I decided I would take a long route around the campus first, finish at the running track and do a few run-walk cycle there, closed with a short sprint (as if the bus is actually a race car and I'm waaay late for work). The whole thing would be in the evening, don't want to fall down early in hot weather. First thing I realised: I overlooked NTU's hilly terrain. Any route I take would involve some uphill and downhill. That's easy to cheat: walk uphill, run downhill; don't protest I did admit it's cheating. Second: my run to walk ratio is pretty disastrous. Any worse and I would be obliged to call the exercise "Walking and occasionally simulating a bus chase". Well, I'll see if there'd be improvement over time, but I'd have to have the resolve to do it regularly first. Third: regular glasses get in the way so I leave it with my other stuffs (Oh no, SIGHT -2), I'm a little myopic so places with very low traffic and plenty space for pedestrian is best. Well, NTU is one.

Tell you what, it felt great. It's a time for myself (which I most of the time happy to have). I can have that kind of time just by sitting on an empty bench somewhere, or by walking. The amazing thing is, by running my mind is occupied by keeping breath pace and putting one foot in front of the other, I don't worry about anything else, I can't. Even if anything would come to mind, pain and fatigue from my joints would distract me, it's in a way liberating (I remember being told that by someone, but only now I'm convinced). Simple running can actually be a real running away, cool.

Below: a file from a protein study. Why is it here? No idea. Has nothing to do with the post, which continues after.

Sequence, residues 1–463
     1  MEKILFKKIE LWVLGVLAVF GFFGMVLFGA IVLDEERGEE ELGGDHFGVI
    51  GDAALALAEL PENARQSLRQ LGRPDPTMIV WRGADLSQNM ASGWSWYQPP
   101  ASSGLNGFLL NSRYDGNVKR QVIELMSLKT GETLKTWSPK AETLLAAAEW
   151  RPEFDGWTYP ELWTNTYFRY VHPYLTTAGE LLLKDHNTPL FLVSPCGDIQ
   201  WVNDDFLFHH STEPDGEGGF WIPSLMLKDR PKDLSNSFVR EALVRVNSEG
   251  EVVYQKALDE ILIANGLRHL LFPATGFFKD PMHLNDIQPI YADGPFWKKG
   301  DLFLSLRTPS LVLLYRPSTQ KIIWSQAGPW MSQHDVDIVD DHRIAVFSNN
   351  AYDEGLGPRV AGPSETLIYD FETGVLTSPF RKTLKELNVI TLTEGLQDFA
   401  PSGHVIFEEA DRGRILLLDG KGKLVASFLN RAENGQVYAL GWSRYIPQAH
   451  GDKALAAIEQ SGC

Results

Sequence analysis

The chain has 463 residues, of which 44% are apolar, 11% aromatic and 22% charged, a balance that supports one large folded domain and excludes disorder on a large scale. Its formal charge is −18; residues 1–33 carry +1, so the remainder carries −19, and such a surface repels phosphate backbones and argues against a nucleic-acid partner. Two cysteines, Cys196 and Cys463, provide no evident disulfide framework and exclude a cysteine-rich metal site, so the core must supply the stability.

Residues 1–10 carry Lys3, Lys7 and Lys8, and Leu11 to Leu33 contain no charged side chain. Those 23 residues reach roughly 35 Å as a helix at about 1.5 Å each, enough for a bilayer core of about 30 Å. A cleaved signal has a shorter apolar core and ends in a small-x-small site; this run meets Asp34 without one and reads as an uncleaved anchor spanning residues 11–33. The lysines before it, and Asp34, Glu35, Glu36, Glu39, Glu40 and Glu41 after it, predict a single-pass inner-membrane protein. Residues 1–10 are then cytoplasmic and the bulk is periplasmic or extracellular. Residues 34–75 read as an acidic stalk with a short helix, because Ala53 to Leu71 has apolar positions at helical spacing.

The activity is two weeks old now, with one session a week. I should really wait for more data before saying this, but I can feel myself improving. The run to walk ratio in the second week is better (my feeling, I don't actually quantize it), and I can run around the running track twice before walking for one round. Still it could be environmental and not really an improvement at my side. This reminds me of my Karate training when I was a junior high student, the Senpai would make us run one cycle more each week, no excuse, no walking phase either.

Now for a little story. Most lights were turned off in the center by the time, on the second week I noticed that I could see quite some stars from the track, so I lied down on the side after running to get a closer look. It's a solemn moment, I might keep running so that I could do this after. No photographic evidence, try it out yourself.

In closing, good habits are frail; I don't know how long I can keep this up—hopefully long enough. If frailty is not enough problem, I tend to treat myself to some chocolate afterwards. If you just read the whole thing, it might not hurt to treat yourself to some too!